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Publication numberUS20060172083 A1
Publication typeApplication
Application numberUS 11/341,718
Publication dateAug 3, 2006
Filing dateJan 30, 2006
Priority dateJan 31, 2005
Also published asCN101013669A
Publication number11341718, 341718, US 2006/0172083 A1, US 2006/172083 A1, US 20060172083 A1, US 20060172083A1, US 2006172083 A1, US 2006172083A1, US-A1-20060172083, US-A1-2006172083, US2006/0172083A1, US2006/172083A1, US20060172083 A1, US20060172083A1, US2006172083 A1, US2006172083A1
InventorsJung-hyun Lee, Charig-Soo Lee, Yoon-Ho Khang
Original AssigneeSamsung Electronics Co., Ltd
Export CitationBiBTeX, EndNote, RefMan
External Links: USPTO, USPTO Assignment, Espacenet
Method of fabricating a thin film
US 20060172083 A1
Abstract
Methods of fabricating a thin film. An example method includes forming a GeSbTe thin film on a surface of a substrate by chemically reacting a first precursor including germanium (Ge), a second precursor including antimony (Sb), and a third precursor including tellurium (Te) in a reaction chamber and processing the surface of the GeSbTe thin film with hydrogen plasma. Another example method includes injecting at least one precursor into a reactor chamber and depositing the at least one precursor onto a substrate within the reactor chamber using a chemical vapor deposition process so as to form the thin film.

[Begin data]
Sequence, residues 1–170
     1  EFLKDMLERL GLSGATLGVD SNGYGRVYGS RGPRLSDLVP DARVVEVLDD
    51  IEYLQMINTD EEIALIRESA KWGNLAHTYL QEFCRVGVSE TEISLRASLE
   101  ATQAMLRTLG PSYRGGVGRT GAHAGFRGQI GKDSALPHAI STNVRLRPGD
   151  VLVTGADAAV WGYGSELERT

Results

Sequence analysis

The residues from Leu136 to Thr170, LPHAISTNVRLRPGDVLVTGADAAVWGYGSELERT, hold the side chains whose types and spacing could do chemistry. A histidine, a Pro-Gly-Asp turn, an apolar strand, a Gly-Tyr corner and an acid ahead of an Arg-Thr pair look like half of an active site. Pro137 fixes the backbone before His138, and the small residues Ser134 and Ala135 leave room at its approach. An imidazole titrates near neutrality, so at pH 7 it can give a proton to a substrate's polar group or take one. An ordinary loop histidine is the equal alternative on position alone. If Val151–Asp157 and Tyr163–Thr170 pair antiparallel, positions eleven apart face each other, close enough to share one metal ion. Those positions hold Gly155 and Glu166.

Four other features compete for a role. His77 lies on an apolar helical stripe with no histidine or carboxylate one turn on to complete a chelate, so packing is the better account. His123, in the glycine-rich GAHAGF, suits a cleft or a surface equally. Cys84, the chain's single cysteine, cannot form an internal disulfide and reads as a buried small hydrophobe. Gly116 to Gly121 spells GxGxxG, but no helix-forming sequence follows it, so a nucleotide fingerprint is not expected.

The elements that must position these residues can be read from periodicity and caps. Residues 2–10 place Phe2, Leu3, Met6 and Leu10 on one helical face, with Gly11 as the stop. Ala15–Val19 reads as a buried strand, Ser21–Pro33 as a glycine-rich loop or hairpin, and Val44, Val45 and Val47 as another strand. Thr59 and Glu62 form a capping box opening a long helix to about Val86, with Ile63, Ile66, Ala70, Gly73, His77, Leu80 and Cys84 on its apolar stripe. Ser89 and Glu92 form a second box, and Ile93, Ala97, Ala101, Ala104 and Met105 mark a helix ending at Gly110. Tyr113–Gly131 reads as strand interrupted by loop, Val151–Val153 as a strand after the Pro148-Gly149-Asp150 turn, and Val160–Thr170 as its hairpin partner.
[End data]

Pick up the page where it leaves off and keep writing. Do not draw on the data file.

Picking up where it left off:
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Claims(19)
1. A method of fabricating a thin film, comprising:
forming a GeSbTe thin film on a surface of a substrate by chemically reacting a first precursor including germanium (Ge), a second precursor including antimony (Sb), and a third precursor including tellurium (Te) in a reaction chamber; and
processing the surface of the GeSbTe thin film with hydrogen plasma.
2. The method of claim 1, wherein the first precursor includes Ge[N(CH3)2]4.
3. The method of claim 1, wherein the second precursor includes Sb[N(CH3)2]3.
4. The method of claim 1, wherein the third precursor includes Te[(CH3)2CH]2.
5. The method of claim 1, wherein forming the GeSbTe thin film includes
chemically adsorbing at least a portion of the first, second and third precursors on the surface of the substrate by injecting the first, second and third precursors into the reaction chamber; and